Talks on Tuesday morning between Mr Berlusconi and his Northern League coalition partners failed to resolve the deadlock – centred on proposed pension reforms – after negotiations into Monday night made little progress.
“The government is at risk,” Umberto Bossi, leader of the fiercely eurosceptic and federalist Northern League, told reporters in Rome. “The situation is difficult, very dangerous. This is a dramatic moment,” he was quoted as saying.
Commentators said the crisis was the most serious facing Mr Berlusconi since his election victory in 2008, recalling memories of 1994 when the Northern League brought down his first government after just a few months.
The prime minister’s People of Liberty party has proposed that the pension age be raised to 67 years from 65 in line with increasing life expectancy, and that the system of length-of-service pensions also be modified. The Northern League is opposed and La Padania, its party newspaper, on Tuesday attacked what it called “euro-tyranny”.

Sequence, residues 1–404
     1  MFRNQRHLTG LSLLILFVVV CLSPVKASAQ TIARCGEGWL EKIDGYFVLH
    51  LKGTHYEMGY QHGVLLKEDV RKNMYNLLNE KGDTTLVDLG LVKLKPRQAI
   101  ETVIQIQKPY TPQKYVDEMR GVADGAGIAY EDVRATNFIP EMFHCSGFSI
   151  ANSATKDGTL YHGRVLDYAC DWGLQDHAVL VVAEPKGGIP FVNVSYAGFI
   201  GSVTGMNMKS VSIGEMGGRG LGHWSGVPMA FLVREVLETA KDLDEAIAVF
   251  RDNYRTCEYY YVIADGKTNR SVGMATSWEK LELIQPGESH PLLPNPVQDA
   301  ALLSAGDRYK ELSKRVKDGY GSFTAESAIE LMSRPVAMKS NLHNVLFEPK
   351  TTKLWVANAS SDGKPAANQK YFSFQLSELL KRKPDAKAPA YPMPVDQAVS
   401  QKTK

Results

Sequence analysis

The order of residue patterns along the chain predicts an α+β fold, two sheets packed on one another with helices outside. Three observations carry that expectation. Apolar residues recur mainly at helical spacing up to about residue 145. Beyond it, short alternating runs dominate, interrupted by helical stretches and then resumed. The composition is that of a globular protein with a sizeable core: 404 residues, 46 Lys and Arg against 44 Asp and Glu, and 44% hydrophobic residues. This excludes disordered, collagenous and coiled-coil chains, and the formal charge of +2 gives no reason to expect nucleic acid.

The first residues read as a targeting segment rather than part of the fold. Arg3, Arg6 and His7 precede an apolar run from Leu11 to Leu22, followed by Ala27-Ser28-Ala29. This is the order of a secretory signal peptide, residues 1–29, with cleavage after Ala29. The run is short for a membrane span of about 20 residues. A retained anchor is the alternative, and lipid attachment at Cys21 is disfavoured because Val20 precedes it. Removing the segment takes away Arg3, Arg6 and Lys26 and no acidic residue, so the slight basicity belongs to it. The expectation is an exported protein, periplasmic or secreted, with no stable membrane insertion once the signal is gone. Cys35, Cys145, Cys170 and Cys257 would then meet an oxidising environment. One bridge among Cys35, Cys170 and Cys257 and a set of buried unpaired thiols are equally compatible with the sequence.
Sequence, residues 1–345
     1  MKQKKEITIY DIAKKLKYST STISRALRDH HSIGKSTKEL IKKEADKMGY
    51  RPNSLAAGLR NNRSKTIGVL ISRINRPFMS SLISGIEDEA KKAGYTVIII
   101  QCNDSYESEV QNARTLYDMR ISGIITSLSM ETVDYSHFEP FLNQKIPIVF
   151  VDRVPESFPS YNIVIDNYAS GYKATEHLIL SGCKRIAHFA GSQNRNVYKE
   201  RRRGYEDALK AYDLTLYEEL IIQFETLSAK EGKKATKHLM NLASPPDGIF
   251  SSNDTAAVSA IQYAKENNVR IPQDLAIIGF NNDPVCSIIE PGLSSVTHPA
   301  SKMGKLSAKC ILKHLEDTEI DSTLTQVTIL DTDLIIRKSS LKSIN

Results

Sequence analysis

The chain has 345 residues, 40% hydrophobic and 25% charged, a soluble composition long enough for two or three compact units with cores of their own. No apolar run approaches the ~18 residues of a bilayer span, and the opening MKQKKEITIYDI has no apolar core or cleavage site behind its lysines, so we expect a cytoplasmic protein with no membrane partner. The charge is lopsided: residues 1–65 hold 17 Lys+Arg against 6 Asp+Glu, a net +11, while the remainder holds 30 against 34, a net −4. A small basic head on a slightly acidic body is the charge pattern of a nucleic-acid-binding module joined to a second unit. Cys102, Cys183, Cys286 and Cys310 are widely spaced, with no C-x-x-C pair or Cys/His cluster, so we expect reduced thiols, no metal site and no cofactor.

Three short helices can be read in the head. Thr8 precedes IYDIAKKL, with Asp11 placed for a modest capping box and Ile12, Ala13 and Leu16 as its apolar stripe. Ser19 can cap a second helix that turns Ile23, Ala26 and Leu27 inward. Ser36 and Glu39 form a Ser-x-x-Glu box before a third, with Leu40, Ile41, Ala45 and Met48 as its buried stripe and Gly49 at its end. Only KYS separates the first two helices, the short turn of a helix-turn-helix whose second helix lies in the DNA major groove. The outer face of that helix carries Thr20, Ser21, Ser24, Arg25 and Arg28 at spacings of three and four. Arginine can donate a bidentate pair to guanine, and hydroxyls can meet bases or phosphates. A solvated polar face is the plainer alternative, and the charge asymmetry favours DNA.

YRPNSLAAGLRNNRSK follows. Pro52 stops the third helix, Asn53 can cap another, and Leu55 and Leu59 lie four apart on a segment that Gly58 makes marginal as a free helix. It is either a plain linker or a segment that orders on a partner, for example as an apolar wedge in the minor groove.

Altero Matteoli, a PDL minister, said a collapse of the government was a “hypothesis”. He also noted that talks were continuing and that a compromise with the Northern League was still possible.
In other news, it appears that the spin which is so far keeping the Euro from collapsing on tomorrow's now disclosed EcoFin meeting cancellation is that even though Europe's finance ministers can not agree, 24 hours ahead of the deadline, on the formulation of the most complex SPV ever conceived, somehow the Eurozone leaders will succeed...